Wednesday, July 9, 2014

Month-long Sailing Trip: Smith Island

--Blogpost written by Bob

To be clear, we did not take our sailboat to Smith Island because of concerns about water depth in the channel into Smith Island.  Instead, we took a passenger ferry from Crisfield--it left Crisfield shortly after noon and returned to Crisfield close to 5 in the evening.  The trip from Crisfield to Smith Island is about 12 miles and it took close to 1 hour each way.  We made this little side trip on Monday, July 7.

On the way into Smith Island, the ferry captain didn't just follow the channel markers but moved from one side of the channel to the other side at times to avoid shoals.  The draft for the big aluminum catamaran ferry was 4 feet--our boat's draft is 5 feet and we wouldn't have made it through the long winding channel with all the shoals.

Background on Smith Island

According to Wikipedia, Smith Island is actually composed of multiple islands--they are predominantly low, salt marsh with an elevation of less than 4 feet above sea level. There are three communities: Ewell, Rhodes Point, and Tylerton.  In 2000, there were 364 people living on 4.4 square miles of land.  

In the last 150 years, Smith Island has lost over 3,300 acres of wetlands due to erosion into the Chesapeake Bay.  To prevent the island from being lost to erosion, restoration efforts will be ongoing for the next 50 years to restore 1,900 acres of submerged aquatic vegetation and 240 acres of wetlands.

British settlers arrived on the island in the 17th century, arriving from Cornwall, Wales, and Dorset via Virginia.  A notable feature of the island is the local dialect which is like the dialects of the West Country of England and the dialect of Cornwall.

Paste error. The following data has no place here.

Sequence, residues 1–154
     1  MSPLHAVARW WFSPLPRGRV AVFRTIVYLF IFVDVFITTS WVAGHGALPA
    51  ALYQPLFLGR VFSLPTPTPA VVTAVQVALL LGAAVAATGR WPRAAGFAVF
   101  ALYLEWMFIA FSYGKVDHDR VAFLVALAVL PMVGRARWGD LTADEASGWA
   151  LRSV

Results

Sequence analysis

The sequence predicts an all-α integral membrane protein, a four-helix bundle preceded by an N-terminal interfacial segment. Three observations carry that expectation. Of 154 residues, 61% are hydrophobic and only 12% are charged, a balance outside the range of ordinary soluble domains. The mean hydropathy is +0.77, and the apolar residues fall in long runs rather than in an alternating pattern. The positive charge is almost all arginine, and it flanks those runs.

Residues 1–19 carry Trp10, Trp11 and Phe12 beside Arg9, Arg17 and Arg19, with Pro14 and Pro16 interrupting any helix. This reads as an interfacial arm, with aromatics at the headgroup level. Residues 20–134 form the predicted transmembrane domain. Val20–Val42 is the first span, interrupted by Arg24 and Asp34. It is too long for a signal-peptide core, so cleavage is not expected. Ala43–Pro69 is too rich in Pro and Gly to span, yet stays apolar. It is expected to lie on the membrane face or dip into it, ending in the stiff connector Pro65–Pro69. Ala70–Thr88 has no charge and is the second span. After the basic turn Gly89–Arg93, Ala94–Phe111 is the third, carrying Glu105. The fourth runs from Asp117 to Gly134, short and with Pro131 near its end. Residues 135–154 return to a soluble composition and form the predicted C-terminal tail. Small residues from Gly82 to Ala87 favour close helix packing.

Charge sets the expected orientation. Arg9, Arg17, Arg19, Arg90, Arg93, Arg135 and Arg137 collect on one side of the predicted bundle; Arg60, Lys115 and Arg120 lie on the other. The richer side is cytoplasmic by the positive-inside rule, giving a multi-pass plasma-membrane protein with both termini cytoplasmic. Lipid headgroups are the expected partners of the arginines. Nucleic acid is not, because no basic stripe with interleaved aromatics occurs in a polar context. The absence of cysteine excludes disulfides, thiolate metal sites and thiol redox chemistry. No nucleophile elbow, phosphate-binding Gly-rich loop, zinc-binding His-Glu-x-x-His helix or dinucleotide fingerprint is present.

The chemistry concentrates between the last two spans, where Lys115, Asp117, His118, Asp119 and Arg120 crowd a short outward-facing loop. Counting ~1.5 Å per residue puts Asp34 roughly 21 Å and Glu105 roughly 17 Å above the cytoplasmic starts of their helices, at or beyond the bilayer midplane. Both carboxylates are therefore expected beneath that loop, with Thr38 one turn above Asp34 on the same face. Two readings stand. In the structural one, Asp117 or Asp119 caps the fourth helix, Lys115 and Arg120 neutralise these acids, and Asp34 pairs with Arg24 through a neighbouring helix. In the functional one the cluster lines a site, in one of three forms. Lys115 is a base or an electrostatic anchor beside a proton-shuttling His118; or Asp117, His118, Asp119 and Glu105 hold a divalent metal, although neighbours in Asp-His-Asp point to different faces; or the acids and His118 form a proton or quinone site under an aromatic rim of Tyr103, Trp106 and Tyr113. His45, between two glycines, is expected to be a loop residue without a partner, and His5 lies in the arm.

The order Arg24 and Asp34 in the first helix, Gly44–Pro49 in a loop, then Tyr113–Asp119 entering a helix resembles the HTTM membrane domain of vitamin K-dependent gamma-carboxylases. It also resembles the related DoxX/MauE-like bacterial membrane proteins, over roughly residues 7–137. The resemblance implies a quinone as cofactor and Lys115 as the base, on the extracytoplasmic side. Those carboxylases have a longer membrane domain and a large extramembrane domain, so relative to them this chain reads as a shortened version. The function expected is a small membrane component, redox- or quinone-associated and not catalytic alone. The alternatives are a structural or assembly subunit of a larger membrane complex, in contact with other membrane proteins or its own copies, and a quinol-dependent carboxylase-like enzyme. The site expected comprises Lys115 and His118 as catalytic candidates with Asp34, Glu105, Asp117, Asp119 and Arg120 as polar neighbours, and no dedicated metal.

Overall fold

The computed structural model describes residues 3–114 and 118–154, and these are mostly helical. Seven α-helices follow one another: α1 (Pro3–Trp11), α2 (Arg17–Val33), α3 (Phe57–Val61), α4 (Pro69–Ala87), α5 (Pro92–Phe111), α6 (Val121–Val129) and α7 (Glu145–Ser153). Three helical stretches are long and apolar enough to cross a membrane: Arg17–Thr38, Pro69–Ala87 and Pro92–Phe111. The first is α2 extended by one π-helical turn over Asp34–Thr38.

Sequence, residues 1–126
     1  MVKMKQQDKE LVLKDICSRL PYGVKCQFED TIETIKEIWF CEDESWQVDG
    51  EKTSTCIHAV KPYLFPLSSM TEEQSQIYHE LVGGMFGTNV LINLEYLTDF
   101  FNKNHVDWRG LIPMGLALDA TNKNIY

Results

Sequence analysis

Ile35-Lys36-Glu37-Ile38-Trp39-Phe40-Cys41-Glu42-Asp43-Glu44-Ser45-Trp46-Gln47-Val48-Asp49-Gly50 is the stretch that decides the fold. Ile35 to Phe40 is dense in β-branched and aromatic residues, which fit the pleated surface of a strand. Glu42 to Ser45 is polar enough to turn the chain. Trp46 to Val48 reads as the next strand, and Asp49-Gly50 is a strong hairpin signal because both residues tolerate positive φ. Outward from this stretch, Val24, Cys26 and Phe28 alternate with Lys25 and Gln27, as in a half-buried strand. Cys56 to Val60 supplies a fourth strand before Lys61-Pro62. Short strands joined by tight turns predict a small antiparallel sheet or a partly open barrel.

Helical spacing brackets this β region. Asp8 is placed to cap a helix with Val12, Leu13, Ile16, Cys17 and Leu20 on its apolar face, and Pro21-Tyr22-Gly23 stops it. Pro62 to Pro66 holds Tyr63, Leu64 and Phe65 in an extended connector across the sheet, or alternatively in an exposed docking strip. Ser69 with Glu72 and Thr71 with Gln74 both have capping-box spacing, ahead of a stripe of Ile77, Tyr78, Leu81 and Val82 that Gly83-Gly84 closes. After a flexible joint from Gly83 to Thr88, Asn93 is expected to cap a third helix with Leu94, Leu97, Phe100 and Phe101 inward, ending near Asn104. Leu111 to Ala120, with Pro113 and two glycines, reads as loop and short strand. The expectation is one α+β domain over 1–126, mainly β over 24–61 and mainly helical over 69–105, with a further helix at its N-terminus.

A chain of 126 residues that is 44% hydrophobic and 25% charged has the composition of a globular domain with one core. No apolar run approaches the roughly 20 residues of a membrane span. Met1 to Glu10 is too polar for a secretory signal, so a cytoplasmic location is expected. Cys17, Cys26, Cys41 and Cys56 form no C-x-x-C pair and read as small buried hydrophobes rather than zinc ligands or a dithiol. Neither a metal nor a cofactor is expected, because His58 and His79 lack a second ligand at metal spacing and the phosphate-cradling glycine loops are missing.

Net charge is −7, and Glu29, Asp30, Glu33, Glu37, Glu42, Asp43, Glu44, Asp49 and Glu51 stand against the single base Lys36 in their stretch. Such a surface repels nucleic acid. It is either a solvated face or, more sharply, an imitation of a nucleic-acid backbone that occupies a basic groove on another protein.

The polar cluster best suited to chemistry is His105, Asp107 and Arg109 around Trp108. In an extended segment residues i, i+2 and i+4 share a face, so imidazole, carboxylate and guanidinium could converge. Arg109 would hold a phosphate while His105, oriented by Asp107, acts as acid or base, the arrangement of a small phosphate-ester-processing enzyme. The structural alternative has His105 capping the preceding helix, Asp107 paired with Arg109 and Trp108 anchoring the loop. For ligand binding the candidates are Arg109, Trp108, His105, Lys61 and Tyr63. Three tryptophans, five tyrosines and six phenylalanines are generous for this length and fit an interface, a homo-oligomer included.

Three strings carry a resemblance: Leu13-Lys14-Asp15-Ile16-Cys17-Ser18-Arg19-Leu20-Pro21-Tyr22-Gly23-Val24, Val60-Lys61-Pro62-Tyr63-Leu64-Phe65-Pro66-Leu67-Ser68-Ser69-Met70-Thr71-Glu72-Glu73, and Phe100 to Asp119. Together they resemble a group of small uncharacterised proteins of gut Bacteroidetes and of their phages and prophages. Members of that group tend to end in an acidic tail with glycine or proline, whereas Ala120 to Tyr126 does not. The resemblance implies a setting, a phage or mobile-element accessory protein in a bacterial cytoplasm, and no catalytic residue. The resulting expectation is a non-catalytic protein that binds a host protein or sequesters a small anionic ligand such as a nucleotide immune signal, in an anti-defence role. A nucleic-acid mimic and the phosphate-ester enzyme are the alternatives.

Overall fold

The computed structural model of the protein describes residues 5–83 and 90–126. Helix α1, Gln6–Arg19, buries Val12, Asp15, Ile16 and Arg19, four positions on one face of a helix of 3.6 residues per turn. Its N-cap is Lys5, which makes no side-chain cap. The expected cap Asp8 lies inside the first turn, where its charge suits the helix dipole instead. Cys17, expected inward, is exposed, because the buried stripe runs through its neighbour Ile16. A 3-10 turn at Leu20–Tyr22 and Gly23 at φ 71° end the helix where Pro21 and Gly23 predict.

Watermen from Smith Island work long days to harvest crabs and oysters to eek out a living.
Their harvest is brought to Crisfield daily for processing and distribution.

Smith Island Cake

My favorite product of Smith Island is the famous Smith Island Cake which has 10 thin layers of cake with frosting between each layer.  The most common flavor is yellow cake with chocolate icing.  On our visit to Smith Island, I had orange Smith Island Cake--it was absolutely delicious!  (Smith Island Cakes are also produced in Crisfield by Smith Islanders for distribution to other areas of Maryland.)

A slice of peanut butter Smith Island Cake--note the 10 layers.  A 9-inch cake costs $55 in Crisfield.

Island Workings

Electricity is provided to the island by underwater cable from Crisfield.  An emergency diesel generator provides a back up source for electricity.  The island gets it's water from 3 or 4 artesian wells--it is distributed to each house by underground piping.  The island has it's own sewage system and waste water treatment plant.

There are a couple small B&Bs on the island and a couple small restaurants.  The day we were on Smith Island, there were about 10 to 20 tourists that came over on the ferry with us.

Homes on the island are surprisingly normal--very modest colonial, salt box, and cape cod style homes
and cottages with clapboard exteriors and built on concrete block foundations with nicely manicured lawns.

Children attend a very small elementary school on the island, and for high school, they ride a school boat (like a school bus on the water) to Crisfield daily during the school year.

Images from Smith Island

Most of the work boats are powered by diesel (tractor) engines.  The muffled exhaust 
is directed vertically--when not in service, the exhaust is covered with a bucket 
to prevent rain water from entering the exhaust system.

The crab pot floats are very colorful and unique--they identify the owner of the crab pot.  
I just wish they would keep them out of the channel!

The small harbor for Ewell is located on the back door channel called Big Thorofare.
A boat is the primary means of transportation in this area while a golf cart gets you around on land.

There are crab shanties all along the harbor and a network of interconnecting docks.
This image is looking at the end of Shell Road.  At low tide white egrets search for fish in the shallows.

The workboats, docks, and wetlands make this island very picturesque.

Even though there is a 5 or 6-slip marina, I don't think the water is deep enough for a sailboat.
There was a workboat in one of the slips when we were on the island.

Another picturesque image from Smith Island

This was a very memorable and worthwhile side trip--it was well worth the $26 per person round trip ferry ride!  How often do you get to see a culture that lives only 4 feet above sea level?

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